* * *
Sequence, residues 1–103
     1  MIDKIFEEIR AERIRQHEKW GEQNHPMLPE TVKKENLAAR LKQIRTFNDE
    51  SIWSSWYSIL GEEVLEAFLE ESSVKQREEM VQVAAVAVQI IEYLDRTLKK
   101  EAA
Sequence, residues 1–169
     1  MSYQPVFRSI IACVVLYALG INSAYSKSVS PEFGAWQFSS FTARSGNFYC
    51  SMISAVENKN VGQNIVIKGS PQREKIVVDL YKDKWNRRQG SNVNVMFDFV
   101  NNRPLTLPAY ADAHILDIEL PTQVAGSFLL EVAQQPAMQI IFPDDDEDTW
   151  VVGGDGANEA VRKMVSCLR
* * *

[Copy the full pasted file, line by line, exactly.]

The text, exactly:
Sequence, residues 1–103
     1  MIDKIFEEIR AERIRQHEKW GEQNHPMLPE TVKKENLAAR LKQIRTFNDE
    51  SIWSSWYSIL GEEVLEAFLE ESSVKQREEM VQVAAVAVQI IEYLDRTLKK
   101  EAA
Sequence, residues 1–169
     1  MSYQPVFRSI IACVVLYALG INSAYSKSVS PEFGAWQFSS FTARSGNFYC
    51  SMISAVENKN VGQNIVIKGS PQREKIVVDL YKDKWNRRQG SNVNVMFDFV
   101  NNRPLTLPAY ADAHILDIEL PTQVAGSFLL EVAQQPAMQI IFPDDDEDTW
   151  VVGGDGANEA VRKMVSCLR